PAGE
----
The 3D Printer Financial Chart

By on May 15th, 2017 in Ideas

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Tuan Tranpham has posted a very telling chart showing where many current 3D printer offerings lay on a financial scale. 

Tranpham, a long time friend of Fabbaloo and who currently works for Desktop Metal, a new 3D metal printing startup, regularly produces fascinating analyses of the 3D printing industry. He also appears in the top left corner of the chart above. 

In this chart, Tranpham has plotted two columns of 3D printer manufacturer options: plastic on the left and metal options on the right. Of course, there are many more plastic options than could possibly fit, but as you can see there is a complete spectrum of equipment from the lowest desktop equipment to very high end machines suitable for massive production purposes. 

On the metal side of the chart, things are a bit different. There is a large clump of vendors at the top end, which in Tranpham’s estimation is over USD$500K in acquisition cost. 

Metal 3D printers are expensive! One of the reasons they are so pricey is the use of dangerous metal powder, which must be completely isolated from the surrounding environment as it is often toxic and sometimes even explosive. 

These machines must fuse the explosive powder in non-oxygenated build chambers, otherwise catastrophic results may occur. To build air-sealed chambers with precision temperature controls is not cheap. 

Extreme heat is required to melt metal and engineering that into a 3D metal printer is similarly expensive. 

As a result we see the large number of expensive 3D metal printing systems at the top of the chart.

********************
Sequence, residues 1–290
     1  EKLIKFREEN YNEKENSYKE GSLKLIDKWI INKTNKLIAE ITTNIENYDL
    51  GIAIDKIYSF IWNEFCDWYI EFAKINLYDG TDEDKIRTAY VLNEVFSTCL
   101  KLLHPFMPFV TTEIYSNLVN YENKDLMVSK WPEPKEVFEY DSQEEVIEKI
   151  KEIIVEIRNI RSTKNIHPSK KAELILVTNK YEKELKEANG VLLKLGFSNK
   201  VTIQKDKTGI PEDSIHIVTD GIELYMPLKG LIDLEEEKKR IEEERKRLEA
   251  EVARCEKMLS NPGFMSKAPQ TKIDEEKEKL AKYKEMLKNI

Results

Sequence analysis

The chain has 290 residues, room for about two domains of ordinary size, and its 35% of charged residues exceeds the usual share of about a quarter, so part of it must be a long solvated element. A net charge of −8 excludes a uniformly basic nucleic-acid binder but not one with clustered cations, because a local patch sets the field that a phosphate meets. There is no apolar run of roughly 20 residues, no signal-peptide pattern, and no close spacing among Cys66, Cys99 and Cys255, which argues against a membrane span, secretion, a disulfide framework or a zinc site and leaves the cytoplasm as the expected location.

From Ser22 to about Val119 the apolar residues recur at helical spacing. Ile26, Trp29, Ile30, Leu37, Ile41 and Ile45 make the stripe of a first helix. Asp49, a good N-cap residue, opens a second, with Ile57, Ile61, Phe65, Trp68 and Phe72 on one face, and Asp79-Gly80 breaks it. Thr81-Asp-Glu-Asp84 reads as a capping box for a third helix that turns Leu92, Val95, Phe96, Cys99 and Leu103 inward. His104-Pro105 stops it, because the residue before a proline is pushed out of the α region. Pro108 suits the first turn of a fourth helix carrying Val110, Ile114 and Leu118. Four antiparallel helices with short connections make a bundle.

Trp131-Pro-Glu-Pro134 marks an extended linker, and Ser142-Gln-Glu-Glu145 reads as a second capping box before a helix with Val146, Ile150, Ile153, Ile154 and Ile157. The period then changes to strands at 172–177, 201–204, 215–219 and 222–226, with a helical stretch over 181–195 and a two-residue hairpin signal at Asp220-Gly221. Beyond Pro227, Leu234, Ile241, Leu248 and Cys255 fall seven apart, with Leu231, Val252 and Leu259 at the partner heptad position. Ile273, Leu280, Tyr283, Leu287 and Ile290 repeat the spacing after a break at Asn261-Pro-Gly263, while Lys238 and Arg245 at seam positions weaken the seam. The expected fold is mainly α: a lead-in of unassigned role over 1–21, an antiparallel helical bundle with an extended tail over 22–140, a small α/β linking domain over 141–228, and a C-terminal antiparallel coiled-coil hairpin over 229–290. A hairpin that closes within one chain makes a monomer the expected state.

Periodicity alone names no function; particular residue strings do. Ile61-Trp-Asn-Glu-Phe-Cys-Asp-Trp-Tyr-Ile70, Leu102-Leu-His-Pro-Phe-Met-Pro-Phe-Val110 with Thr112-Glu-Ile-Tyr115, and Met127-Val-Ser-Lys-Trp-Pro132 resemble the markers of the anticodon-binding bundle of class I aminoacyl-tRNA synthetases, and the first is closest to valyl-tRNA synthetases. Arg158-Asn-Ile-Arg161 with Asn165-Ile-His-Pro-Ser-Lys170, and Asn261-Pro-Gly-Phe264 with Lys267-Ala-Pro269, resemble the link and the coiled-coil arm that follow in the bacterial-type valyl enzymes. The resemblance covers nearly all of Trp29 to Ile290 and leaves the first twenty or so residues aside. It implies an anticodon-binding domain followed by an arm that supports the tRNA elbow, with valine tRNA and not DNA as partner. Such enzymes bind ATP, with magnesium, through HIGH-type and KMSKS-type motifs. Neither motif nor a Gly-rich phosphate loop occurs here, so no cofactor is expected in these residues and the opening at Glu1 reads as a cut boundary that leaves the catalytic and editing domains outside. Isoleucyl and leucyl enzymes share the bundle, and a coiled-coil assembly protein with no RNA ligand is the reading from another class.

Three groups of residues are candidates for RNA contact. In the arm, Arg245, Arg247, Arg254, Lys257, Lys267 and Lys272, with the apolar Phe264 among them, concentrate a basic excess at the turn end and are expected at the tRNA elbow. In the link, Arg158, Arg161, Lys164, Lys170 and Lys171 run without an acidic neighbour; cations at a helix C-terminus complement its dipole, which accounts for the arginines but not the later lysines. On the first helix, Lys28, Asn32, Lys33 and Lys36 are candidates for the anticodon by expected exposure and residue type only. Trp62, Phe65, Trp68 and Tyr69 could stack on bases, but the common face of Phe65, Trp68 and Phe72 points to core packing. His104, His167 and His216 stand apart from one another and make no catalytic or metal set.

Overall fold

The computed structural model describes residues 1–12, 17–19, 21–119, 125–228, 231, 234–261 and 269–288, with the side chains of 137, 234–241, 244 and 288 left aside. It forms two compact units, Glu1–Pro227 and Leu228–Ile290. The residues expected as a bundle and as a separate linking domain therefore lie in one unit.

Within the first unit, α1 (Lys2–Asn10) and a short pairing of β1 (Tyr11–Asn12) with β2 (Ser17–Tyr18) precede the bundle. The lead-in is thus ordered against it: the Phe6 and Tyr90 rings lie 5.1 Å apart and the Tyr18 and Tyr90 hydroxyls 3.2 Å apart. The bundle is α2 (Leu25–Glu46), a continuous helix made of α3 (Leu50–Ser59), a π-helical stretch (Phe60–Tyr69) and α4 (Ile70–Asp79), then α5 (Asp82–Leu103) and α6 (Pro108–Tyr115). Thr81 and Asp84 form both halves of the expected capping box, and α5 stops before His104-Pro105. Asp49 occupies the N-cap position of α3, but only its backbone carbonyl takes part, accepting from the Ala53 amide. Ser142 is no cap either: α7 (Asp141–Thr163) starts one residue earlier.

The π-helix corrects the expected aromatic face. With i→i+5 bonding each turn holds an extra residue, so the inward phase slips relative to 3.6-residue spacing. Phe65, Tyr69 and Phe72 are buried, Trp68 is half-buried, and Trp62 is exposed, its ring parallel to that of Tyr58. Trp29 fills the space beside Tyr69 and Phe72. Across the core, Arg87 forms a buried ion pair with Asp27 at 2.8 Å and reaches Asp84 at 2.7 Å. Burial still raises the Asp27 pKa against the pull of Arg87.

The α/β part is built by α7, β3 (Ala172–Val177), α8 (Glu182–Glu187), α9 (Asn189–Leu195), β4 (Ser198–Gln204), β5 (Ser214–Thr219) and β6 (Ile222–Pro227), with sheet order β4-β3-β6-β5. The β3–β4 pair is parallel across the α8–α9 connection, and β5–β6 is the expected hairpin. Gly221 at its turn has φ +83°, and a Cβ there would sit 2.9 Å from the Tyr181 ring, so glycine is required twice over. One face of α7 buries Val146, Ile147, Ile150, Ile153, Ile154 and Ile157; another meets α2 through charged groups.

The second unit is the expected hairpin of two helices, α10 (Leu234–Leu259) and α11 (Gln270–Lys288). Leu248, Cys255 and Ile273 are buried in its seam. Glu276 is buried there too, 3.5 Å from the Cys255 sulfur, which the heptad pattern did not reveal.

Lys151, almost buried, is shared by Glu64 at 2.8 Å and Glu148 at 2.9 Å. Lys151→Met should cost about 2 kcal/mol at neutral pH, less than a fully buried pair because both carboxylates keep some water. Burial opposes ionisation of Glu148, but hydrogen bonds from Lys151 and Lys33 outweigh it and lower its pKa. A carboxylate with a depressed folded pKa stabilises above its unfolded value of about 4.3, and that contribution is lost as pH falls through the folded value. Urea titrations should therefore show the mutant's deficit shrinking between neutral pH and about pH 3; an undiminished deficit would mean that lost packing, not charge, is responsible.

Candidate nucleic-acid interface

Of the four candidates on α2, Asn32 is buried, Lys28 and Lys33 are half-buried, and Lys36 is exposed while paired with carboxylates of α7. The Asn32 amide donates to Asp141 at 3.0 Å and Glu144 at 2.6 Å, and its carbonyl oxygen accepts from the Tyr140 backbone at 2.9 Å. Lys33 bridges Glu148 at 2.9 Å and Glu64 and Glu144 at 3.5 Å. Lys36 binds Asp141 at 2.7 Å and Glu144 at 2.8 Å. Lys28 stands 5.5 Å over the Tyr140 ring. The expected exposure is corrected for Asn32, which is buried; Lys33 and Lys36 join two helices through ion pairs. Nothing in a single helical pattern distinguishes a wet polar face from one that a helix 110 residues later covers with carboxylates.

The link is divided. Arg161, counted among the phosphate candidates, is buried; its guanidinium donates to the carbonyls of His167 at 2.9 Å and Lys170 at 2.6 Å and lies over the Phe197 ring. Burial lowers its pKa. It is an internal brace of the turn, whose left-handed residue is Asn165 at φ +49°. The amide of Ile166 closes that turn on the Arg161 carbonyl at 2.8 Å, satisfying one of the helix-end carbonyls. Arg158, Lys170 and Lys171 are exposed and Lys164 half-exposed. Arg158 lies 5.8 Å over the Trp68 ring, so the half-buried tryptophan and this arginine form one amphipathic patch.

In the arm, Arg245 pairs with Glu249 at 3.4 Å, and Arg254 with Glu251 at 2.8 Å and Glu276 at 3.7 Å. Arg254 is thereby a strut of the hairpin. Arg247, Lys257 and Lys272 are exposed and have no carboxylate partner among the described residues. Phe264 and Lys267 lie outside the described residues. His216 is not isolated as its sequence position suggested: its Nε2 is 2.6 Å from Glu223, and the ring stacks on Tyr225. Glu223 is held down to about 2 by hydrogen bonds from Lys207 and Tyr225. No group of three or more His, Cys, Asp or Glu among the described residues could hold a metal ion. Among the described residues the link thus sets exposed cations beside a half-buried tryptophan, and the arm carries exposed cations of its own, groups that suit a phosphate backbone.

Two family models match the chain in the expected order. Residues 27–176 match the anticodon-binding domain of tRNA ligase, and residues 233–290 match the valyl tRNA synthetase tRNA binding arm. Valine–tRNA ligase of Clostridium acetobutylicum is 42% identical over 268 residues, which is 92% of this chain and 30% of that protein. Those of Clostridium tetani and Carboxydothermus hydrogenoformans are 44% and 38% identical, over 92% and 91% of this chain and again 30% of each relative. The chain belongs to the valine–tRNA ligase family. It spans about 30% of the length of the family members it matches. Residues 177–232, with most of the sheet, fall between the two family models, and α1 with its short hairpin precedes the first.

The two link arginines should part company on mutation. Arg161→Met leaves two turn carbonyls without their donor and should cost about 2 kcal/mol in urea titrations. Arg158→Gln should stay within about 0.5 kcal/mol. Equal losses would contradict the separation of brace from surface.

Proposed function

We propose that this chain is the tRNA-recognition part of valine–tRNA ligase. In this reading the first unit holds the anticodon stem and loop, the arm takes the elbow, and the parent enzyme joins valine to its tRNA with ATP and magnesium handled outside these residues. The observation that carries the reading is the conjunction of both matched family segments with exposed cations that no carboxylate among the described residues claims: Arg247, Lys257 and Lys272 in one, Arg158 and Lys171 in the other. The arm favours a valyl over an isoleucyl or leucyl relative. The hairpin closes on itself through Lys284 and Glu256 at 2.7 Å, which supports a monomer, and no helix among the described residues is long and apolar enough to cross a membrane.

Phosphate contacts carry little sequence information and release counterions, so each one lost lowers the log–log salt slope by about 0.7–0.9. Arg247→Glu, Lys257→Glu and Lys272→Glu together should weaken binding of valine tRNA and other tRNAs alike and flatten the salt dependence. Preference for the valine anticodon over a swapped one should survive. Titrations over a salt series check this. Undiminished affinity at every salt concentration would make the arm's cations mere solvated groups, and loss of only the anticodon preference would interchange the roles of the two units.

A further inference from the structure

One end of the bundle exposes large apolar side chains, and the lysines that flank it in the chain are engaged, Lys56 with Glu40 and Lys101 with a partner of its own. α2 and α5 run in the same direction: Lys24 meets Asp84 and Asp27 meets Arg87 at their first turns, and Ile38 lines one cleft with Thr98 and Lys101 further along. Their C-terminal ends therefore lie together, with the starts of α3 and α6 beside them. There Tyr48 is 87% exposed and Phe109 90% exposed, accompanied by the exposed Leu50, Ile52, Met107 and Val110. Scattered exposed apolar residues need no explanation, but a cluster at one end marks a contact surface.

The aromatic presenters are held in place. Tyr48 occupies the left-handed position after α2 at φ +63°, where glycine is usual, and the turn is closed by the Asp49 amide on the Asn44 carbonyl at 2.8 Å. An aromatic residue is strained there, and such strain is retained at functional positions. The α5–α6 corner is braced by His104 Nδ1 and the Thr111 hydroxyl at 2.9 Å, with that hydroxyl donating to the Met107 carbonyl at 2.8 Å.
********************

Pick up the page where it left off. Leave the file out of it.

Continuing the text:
However, Desktop Metal’s technological approach has eliminated the need for metal powder in their Studio system and prints without the need for extreme heat. This removes the need for a great deal of components in their printer design, and consequently lowers the cost. 

I’d make a couple of corrections to the chart, however. One missing element to Desktop Metal’s cost here is the need for a separate furnace system to sinter the green part that comes from the sub-USD$50K printer. That would add to the cost a bit and put in the bottom of the next category up. 

Another change might be to add Ability 3D to the lower empty cell. This company is attempting to build a desktop 3D metal printer based on MIG welding gear for only USD$3,000. They’re still developing their product, so this may be the reason Tranpham did not include them. Their recent Kickstarter to raise funds for the development fell drastically short of its goal, so we don’t know how they will proceed forward. 

The point I’d like to make is that empty cell at the bottom right on Tranpham’s chart: it’s empty. 

Let’s fill it. 

Via LinkedIn

By Kerry Stevenson

Kerry Stevenson, aka "General Fabb" has written over 8,000 stories on 3D printing at Fabbaloo since he launched the venture in 2007, with an intention to promote and grow the incredible technology of 3D printing across the world. So far, it seems to be working!